Top incomes and national savings

1 Oct 2008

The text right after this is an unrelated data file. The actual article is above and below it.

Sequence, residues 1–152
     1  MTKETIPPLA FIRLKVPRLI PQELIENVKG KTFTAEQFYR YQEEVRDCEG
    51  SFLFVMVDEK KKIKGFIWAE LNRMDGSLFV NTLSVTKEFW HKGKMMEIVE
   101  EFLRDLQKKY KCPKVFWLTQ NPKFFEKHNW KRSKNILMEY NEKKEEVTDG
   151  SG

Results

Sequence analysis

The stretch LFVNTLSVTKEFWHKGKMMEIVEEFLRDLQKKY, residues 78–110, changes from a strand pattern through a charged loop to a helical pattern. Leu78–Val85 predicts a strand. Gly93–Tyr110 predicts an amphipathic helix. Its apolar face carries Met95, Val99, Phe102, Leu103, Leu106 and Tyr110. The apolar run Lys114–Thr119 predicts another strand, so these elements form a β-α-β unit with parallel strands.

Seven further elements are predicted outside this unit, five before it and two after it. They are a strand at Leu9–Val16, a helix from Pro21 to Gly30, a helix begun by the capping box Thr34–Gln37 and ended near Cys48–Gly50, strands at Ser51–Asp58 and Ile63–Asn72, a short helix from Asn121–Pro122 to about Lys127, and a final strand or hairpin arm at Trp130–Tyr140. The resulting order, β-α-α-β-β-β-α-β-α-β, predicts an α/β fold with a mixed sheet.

The relationship between income inequality and national savings is theoretically ambiguous, and past empirical studies have delivered mixed results. The authors of this paper revisit the question using a newly available source of data on inequality: the income share of the richest 10 percent and the richest 1 percent. Combining this with historical data on national savings rates, they are able to investigate the relationship for eleven developed countries over the period 1921-2002. The authors find no consistent relationship between lagged top income shares and current savings rates, and their standard errors are small enough that they are able to reject more than modest effects in either direction. They view this as suggesting that inequality at the top end of the distribution is not a major driver of national savings rates.

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